Coal – Oregon’s Dirty Little Secret

Nearly 40% of Oregon’s power comes from coal, which is more than both Washington and California. We pride ourselves on being green and sustainable, yet we still rely on dirty 19th century methods to power our communities. Oregon has long been a leader on environmental issues and now that we face the most important challenge of our lifetime, Global Warming, we must lead the nation towards a clean energy future.

This is about the future of our children, our beloved wild spaces and our planet. We must take responsibility for our destructive energy use and begin to move beyond coal. If Oregon can break from the shackles of Big Coal, then we can lead the entire Northwest towards a renewable energy future that protects our communities’ health and strengthens our economy.

There is no better time than now. With President Obama we can make strides we thought were never possible. Investors, government, and the public alike are realizing that coal is not only destructive, it also doesn’t make economic sense. Now we have the opportunity to end our reliance on dirty coal power by becoming more energy efficient, and investing in clean, renewable wind and solar power.

Oregon can lead the Northwest towards a clean energy future by first replacing the Boardman Coal Plant which spews out 5 million tons of Carbon Dioxide (CO2) every year, and second, by stopping the importation of 20% of our power from dirty coal-producing states. We have an opportunity to both reduce our dependence on coal-fired power and launch a more prosperous economy in Oregon through long term, sustainable jobs that will lead the Northwest region in clean, renewable electricity generation.

We need you to help us realize our goal of a Coal-Free Oregon! Cesia Kearns and Robin Everett are the lead organizers for the Sierra Club’s Beyond Coal Campaign. To get involved, contact Robin Everett at or call (503) 238-0442 x307.

2 Responses to Coal – Oregon’s Dirty Little Secret

  1. Dee Garrett says:

    Coal is dirty and we can do better. Here’s the rub. Coal means living wage jobs. Boardman means jobs, benefits, retirement security and support for the local economy (such as it is). It would be helpful to talk in terms of transitions – how do we replace coal and hydropower? Can we do better than cliches and rhetoric.

  2. The Salem Film Festival, which runs April 17-26 at Salem Cinema, is featuring several films with an environmental message, part of the festival’s commitments to current issues and social relevance.
    Here are some of the films.

    Director Sam Bozzo’s documentary “Blue Gold: World Water Wars,” which is an Oregon premiere, reveals how we are polluting, diverting, pumping and wasting our limited supply of fresh water at a rapid rate as population and technology grow. The rampant overdevelopment of agriculture, housing and industry are explored amid increasing demand for fresh water beyond the world’s finite supply. Bozzo, who will attend the festival, filmed in nearly a dozen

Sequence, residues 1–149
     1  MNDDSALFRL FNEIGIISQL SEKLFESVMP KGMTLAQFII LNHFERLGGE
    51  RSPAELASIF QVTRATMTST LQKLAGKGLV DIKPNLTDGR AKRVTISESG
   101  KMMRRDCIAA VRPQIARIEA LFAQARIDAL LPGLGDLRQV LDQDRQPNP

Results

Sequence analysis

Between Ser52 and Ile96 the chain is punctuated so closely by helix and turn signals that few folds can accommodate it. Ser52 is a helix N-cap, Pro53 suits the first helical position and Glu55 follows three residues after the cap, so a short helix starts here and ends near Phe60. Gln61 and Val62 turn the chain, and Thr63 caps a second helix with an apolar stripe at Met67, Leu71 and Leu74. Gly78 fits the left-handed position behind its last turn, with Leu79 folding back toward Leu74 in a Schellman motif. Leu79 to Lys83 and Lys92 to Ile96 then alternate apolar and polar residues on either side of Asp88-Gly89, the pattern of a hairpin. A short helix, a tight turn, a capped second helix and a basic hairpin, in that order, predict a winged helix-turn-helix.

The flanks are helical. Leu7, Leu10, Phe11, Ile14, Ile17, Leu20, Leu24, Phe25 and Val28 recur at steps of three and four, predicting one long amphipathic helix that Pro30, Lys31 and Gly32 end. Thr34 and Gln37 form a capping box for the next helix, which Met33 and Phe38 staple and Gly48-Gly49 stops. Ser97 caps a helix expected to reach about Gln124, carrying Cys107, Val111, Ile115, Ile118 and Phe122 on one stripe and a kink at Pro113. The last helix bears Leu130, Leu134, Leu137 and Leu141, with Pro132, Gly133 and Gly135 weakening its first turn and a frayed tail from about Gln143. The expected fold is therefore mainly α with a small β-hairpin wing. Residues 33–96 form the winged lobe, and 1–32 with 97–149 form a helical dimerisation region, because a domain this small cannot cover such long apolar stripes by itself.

countries and followed several examples of people fighting for the basic rights to water.
    The film shows at 5:30 p.m. April 18 and 7 p.m. April 22.

    “Saving Luna,” directed by Suzanne Chisholm and Michael Parfit, explores the touching dilemma of a baby killer whale who gets separated from his family in a remote Vancouver Island fjord. When Lune seeks companionship from people, he breaks a fundamental barrier between humans and wild beings. This shattering of convention leads to joy, confusion and anger.The filmmakers become involved in the efforts to protect Luna, as more and
    more people advocate Luna’s death.
    The film shows at 4:45 p.m. April 25 and 2:30 p.m. April 26.

    “Fuel,” directed by Josh Tickell, follows the filmmaker’s whirlwind 12-year journey around the world as he tracks the rising domination of the petrochemical industry and seeks solutions to America’s addiction to oil.”Fuel” shows us the way out of the mess we’re in by explaining how to replace every drop of oil we now use, which creating green jobs and keeping our many here at home. Tickell and an array of environmentalists, policy makers and entertainment notables take us through our ignominious energy past and illuminate a hopeful, achievable future. The film shows at 2:15 April 25.

    “Ice Bears of the Beaufort,” a Pacific Northwest premiere, is director Arthur C. Smith III’s moving plea to save one of the world’s most powerful and sometimes playful animals. The Beaufort Sea coast is explored as a critical polar bear habitat endangered by efforts to drill for oil. The film was five years in the making and features a colorful, cinematic portrait of Alaskan polar bears never before captured. The body of the documentary chronicles polar bear activity and year-round use of the coastal and off-shore areas of the Arctic Wildlife Refuge and the adjacent Beaufort Sea. Arthur C. Smith III and Jennifer Smith will attend the 12:45 April 25 and 12:30 p.m. April 26 showings.

    More information on the festival is available at

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